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  • Brother to Brother
  • Karen Sherzinger (bio)
Wm & H’ry: Literature, Love, and the Letters Between William & Henry James. J.C. Hallman, ed. University of Iowa Press. 156pages; cloth, $21.00.

In this short book, J.C. Hallman offers a glimpse of the letters between William and Henry James, who together formed what is surely one of the most significant sibling relationships of the nineteenth century. This he does by selecting brief excerpts—rarely longer than a line or two—from a correspondence that ranges over more than forty years and consists of over 800 letters. He weaves these extracts loosely together in order to give us a sense of the brothers’ relationship as well as of concerns that both united and divided them. These range from the mundane (digestive problems and gossip) to the weighty (the representation of impressions and consciousness, pragmatism, the vulgar, the occult). Indeed, so wide-ranging is the collection that the subtitle only barely covers its ambit: Literature, Love, and Letters seems to me to be chosen more for its alliterative value rather than as a pithy description of the book’s content. Much of Hallman’s survey covers matters that are distinctly non-literary; as for love: while the undercurrent of affection between the brothers is apparent to any reader familiar with their letters in their complete form (as is their lively rivalry), the extracts here do not address the question of love (either as a concept or as a shared emotion) in any especially significant way.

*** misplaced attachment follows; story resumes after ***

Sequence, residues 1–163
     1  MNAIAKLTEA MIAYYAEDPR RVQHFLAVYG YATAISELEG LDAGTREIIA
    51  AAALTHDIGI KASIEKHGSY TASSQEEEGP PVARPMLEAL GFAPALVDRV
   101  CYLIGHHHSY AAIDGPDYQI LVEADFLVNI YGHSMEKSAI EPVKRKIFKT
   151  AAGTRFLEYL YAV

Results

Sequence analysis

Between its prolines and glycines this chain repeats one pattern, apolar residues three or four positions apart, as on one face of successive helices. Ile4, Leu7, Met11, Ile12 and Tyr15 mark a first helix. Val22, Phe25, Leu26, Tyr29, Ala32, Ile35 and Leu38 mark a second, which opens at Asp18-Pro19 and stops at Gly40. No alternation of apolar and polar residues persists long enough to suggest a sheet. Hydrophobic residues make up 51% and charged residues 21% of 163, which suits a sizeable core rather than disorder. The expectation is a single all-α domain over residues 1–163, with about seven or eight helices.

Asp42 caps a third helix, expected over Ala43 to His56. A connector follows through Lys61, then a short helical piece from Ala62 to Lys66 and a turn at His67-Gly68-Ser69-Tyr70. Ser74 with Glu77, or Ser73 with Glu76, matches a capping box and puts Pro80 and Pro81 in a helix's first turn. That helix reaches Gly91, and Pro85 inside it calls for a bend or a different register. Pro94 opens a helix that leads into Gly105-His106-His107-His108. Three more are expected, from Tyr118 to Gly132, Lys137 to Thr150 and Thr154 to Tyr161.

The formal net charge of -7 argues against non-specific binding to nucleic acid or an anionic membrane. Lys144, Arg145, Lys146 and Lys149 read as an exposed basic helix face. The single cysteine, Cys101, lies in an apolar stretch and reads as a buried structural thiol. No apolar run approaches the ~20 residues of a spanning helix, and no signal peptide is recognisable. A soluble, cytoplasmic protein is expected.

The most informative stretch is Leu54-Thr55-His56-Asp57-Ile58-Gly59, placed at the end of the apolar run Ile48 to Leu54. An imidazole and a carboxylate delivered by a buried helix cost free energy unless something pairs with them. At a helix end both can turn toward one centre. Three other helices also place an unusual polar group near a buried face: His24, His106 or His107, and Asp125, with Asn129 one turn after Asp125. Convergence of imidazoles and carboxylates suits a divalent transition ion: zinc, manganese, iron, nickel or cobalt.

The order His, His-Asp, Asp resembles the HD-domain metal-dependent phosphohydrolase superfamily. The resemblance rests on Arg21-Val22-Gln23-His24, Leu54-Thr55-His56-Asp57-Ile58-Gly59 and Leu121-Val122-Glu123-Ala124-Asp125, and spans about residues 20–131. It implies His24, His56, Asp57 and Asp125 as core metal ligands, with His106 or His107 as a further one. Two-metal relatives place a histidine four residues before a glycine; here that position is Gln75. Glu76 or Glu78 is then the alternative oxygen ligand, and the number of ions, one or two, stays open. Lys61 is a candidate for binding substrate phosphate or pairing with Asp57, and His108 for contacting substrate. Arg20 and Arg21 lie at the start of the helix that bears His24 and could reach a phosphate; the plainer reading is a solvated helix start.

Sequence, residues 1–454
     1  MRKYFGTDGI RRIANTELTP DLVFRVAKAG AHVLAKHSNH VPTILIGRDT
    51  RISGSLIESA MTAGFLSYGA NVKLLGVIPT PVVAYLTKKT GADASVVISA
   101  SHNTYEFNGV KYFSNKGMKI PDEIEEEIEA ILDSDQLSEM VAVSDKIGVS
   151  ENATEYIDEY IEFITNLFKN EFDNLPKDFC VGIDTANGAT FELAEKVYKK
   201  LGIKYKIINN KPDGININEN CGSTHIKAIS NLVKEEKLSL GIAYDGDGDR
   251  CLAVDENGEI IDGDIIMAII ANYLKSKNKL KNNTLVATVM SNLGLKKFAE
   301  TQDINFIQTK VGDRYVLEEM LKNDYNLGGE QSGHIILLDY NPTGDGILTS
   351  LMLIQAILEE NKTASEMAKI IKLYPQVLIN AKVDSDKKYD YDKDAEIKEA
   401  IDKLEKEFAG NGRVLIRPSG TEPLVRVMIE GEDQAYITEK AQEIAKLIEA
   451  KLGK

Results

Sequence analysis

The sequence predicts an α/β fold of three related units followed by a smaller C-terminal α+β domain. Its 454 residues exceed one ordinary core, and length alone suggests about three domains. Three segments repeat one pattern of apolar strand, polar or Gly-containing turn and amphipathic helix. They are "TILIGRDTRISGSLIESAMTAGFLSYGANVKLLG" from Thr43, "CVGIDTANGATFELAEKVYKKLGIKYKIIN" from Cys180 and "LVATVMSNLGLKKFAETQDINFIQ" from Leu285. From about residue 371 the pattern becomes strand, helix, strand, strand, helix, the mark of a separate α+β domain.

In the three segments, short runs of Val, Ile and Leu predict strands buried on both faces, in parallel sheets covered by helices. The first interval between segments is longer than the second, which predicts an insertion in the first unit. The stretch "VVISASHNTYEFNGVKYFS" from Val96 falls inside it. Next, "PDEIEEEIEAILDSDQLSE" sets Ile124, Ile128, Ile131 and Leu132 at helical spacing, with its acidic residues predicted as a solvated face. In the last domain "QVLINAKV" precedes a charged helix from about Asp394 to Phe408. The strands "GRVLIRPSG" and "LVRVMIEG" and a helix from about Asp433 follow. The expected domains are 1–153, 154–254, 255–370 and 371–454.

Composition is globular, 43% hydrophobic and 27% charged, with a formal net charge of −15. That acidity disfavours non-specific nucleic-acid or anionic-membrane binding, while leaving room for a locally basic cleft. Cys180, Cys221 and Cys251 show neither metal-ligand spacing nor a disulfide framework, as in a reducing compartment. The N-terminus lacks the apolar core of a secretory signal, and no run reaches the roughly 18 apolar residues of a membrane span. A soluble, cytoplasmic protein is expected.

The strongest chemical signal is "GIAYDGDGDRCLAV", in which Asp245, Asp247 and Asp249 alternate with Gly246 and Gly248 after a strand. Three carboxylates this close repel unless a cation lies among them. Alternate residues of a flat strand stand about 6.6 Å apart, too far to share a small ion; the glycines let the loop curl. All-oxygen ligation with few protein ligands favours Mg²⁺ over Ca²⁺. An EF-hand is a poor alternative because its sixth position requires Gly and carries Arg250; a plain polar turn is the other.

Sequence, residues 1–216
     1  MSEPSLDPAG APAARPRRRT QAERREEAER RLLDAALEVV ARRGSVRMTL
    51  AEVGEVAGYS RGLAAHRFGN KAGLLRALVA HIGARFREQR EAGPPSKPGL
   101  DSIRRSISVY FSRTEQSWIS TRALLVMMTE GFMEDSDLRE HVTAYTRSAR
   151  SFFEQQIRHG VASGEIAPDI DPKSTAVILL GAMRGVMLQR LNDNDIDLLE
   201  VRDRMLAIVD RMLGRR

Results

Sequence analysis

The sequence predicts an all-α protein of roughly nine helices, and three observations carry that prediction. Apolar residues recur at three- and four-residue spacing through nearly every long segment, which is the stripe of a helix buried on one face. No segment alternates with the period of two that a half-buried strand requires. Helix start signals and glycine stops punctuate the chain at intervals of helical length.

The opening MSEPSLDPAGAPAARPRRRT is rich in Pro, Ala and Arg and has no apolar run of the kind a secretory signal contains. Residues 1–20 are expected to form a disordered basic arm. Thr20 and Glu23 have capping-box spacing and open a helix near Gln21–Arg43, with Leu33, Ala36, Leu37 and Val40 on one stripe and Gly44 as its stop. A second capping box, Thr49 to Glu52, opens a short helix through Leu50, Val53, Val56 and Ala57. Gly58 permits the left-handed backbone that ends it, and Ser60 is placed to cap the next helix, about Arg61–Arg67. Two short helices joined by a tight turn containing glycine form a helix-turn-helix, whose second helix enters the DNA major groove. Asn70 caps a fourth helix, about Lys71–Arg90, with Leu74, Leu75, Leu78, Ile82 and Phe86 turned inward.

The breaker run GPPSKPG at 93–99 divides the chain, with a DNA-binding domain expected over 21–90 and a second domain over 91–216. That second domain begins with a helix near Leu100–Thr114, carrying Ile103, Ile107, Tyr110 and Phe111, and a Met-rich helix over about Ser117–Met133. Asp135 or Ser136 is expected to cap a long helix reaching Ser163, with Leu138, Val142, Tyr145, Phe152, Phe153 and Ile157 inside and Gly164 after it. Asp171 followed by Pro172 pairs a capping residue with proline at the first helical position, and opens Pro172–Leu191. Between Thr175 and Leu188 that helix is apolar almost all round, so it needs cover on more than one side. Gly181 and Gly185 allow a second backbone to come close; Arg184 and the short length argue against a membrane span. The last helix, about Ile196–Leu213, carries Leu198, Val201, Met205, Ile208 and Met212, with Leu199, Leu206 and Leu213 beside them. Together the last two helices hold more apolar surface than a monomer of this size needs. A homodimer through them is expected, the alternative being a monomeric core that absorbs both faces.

If the collection’s subtitle is only vaguely descriptive of its content, its main title is simply perplexing. “Wm & H’ry,” I presume (Hallman gives no explanation), is intended to reflect the brothers’ typical way of referring to or about one another. William did, on occasion, close his letters with the contraction “W m ,” but was as likely to use his initials or his full name. While his salutations to his early letters occasionally begin “Dear H’ry,” he as frequently opens with “Dear H” or “Henry,” and the “H’ry” habit dies out in later years. As for Henry, I am not aware of him ever signing himself as “H’ry,” and his letters to William generally have “Dear W” or “Dear William” as a salutation. Had Hallman chosen “W m & H’ry” as a title and left matters there, my complaint would seem trifling. However, his decision to refer to the brothers as W m and H’ry throughout is unwarranted and, after a few pages, simply irritating. I imagine that the contractions are chosen to suggest the sense of intimacy that Hallman admits he felt upon reading the letters (“Before long, however, the letters began to feel intended for me, addressed to me”), but as the brothers themselves used them only sparingly, the choice is ill advised.

The book begins with a letter “To whom it may concern,” in which Hallman describes, with some humor, his experience of reading William James’s letters, and the path that lead him to W m & H’ry. The letter is an entertaining testimonial to how consuming the experience of reading other people’s letters can be, especially over a concentrated period. However, what follows contains little of that sense of immersion. Each chapter is only a few pages long, and as a consequence rarely gets to grips with anything in particular. Some of these chapters fail to keep a topic in sight at all: for example, chapter 9 begins with a brief contemplation of the brothers’ different understanding of the term “vulgar,” then segues into a description of Henry’s disastrous staging of Guy Domville (1895). Similarly, a chapter about the brothers’ dear cousin, Minny Temple, barely introduces its subject before it wanders off into a rather insubstantial account of their attitude to women in general. Chapter 17 begins promisingly with an account of the subject of ghosts, but veers off into the territory of Henry’s refusal to heed William’s literary advice. Chapter 18 opens with an account of William reading a piece by Henry to a dying friend, Frederic Myers; in the space of only two pages, it becomes...


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